Fatherhood Issues

Legal Paternity Actions

When a child is born within a marriage, the mother’s spouse automatically has legal paternity. If the couple is unmarried or if the biological father is someone other than the mother’s spouse, the biological father must take specific actions to establish legal paternity. 

Establishing paternity in-hospital 

Prior to the child being born or while the mother is still in the hospital giving birth, the unmarried parents can sign a Paternity Acknowledgement Affidavit. 

  • By signing the Affidavit, the father acknowledges he is the biological father. 
  • When the signatures of mother and father are notarized, legal paternity exists. 
  • The father's name will appear on the birth certificate, and the father must consent to the name of the child before the child's name appears on the birth certificate. 
  • A father signing just the birth certificate, without signing a Paternity Acknowledgement Affidavit, does not constitute paternity. 
  • The father is allowed only 60 days to rescind the Affidavit through the Department of Vital Records after the Affidavit is signed.


Establishing paternity after a child’s birth 

There are several paths to establishing paternity, depending on circumstances. 

1. When both parents want to voluntarily establish paternity: 

  • They must complete the Paternity Acknowledgement Affidavit at either S.C. Department of Health and Environmental Control (DHEC) or the county health department in the county where the child was born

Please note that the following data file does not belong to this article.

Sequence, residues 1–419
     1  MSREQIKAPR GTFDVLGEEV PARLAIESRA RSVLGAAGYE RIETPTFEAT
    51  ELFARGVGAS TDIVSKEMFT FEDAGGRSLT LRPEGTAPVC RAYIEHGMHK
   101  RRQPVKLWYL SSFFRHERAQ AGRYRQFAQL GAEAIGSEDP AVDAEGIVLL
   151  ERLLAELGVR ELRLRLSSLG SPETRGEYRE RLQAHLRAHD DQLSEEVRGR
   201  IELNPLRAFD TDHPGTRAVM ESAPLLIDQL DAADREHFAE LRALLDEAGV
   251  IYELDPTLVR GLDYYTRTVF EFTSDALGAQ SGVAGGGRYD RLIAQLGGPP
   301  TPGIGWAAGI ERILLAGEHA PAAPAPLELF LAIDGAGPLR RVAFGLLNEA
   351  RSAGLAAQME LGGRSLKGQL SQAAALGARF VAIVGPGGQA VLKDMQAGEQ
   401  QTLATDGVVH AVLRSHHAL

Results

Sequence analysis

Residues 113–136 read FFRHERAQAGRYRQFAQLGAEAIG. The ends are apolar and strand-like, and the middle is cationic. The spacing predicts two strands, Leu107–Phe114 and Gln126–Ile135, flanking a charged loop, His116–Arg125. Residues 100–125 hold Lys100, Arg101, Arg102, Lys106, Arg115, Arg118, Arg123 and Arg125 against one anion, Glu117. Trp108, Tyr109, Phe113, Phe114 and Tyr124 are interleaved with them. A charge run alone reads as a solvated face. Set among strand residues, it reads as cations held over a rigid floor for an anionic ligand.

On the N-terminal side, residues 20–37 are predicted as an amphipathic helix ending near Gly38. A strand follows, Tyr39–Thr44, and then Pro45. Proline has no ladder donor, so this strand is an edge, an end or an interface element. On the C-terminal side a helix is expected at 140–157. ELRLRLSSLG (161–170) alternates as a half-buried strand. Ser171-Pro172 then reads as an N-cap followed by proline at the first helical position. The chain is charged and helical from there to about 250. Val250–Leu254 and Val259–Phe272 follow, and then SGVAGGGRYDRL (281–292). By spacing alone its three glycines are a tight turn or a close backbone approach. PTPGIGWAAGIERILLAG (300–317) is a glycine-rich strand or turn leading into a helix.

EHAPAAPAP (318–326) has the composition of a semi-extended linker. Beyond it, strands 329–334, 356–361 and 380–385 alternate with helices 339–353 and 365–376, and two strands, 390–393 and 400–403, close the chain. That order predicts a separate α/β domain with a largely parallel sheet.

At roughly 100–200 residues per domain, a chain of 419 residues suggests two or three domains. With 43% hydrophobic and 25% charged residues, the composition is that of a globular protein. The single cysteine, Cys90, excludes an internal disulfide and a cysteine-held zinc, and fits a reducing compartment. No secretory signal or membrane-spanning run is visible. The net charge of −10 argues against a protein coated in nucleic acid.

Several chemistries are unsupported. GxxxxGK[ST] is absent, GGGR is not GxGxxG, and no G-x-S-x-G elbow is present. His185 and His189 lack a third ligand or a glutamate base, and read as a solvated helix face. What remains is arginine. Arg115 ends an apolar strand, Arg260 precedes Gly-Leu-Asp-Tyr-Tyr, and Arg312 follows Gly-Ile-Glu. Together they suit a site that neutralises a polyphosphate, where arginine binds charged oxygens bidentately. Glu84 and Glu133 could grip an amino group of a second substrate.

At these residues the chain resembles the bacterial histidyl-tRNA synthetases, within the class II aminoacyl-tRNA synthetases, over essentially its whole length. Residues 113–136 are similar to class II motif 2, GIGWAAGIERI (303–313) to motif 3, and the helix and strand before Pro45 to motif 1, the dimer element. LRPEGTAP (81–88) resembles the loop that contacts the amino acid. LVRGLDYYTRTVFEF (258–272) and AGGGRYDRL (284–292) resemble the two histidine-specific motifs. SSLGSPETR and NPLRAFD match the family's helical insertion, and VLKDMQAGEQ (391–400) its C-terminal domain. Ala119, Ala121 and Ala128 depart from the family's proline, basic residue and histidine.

• Staff can answer questions and notarize parents’ signatures.
  • A $15 fee is charged for the completion.


2. When a father wants to independently establish paternity through the Department of Social Services (DSS) or the Child Support Enforcement Division (CSE):

  • The father must fill out a Non-Custodial Parent Application for Services (available at DSS child support offices) and pay a $25 processing fee.
  • A DNA test will be conducted at no charge. If DNA test results are positive, DSS certifies legal paternity and usually encourages the mother to seek child support if the parents don’t live together.
  • If DNA test results are negative, child support will not be pursued.


3. If a mother seeks child support and legal paternity has not been established, DSS and CSE will pursue the establishment of legal paternity before setting child support. 

  • In these situations, legal paternity can be based on a man answering that yes, he is the biological father of a child, without any DNA evidence. Men may not be aware that by answering yes to paternity questions in court, they are establishing legal paternity forever. 
  • If there is any doubt in the man’s mind, he should request a DNA test at the initial DSS/CSE administrative hearing. 
  • Recent statistics show that in more than a quarter of cases in which a DNA test was requested by a father, the test came back negative—proving the man was not the biological father after all.

Use our Father's Guide to Establishing Paternity in SC.